- Photos Courtesy Of Columbia Pictures
- BAD GUY Cartel kingpin Armando Armas (Jacob Scipio) is out for vengeance, but his mother harbors a secret that could tear him apart.
Glen I, too, was surprised they teed up another sequel, but if the money keeps rolling in, why not? The film certainly has fun joking about Lowrey's and Burnett's ages, largely through the AMMO team of Mod Squad-esque youngsters. There's irreverent Rafe (Charles Melton), who thinks Lowrey's past his prime; sassy Kelly (Vanessa Hudgens), who's beautiful and capable; tech wiz Dom (Alexander Ludwig), who's sworn off violence because he's too good at it. They're all led by Rita (Paola Nunez), who used to date Lowrey and still harbors feelings for him. The real plot complication comes from Isabel (Kate del Castillo), Armando's mother, who also shares a past with Lowrey. She's directing her son's revenge mission, and part of the plot's fun is unraveling her and Lowrey's connection. A couple of the first two films' co-stars also return, including Joe Pantoliano as Capt. Howard and Theresa Randle as Burnett's wife. In a nod of respect to the original two films, their director Bay has a cameo as a wedding emcee. It's all fun, and I wish I had more to say about the film, but there's no subtext or layered meaning. What you see is what you get: a $90 million audience-pleasing spectacle with a pumping soundtrack, outsized action sequences, and a couple of megawatt stars who look like they're having a blast collecting another fat paycheck. If that's your jam, get thee to the theater.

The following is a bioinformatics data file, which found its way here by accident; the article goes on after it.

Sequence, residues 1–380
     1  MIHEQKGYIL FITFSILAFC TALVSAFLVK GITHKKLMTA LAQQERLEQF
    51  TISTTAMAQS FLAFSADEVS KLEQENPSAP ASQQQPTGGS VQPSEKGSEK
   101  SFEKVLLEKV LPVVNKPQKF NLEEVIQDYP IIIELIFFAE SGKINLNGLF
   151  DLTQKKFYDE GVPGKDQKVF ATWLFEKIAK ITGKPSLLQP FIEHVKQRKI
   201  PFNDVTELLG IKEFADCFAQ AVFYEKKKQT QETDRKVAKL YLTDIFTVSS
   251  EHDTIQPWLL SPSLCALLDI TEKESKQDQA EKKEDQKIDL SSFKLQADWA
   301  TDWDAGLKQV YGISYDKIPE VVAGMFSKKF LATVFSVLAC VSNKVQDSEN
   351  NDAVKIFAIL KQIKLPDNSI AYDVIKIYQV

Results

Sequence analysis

Anna When a movie starts with a white-knuckle police chase that ends somehow with no police in sight, you know that making sense may not be the movie's top priority. The fact is, this film is just plain funny—the bickering and antics work between these two leads and the supporting cast keeps the story moving along. The youngsters of AMMO prove to be Lowrey and Burnett's saving grace time and time again, despite Lowrey's reluctance to welcome in the new kids and their technology. Like you said, there isn't a whole lot to say about this movie except that it's exactly what you expect. The good news is it delivers on the laughs and action; just don't expect more than that from this installment of the Bad Boys franchise. Δ
Split Screen is written by Senior Staff Writer Glen Starkey and his wife, Anna. Comment at firstname.lastname@example.org.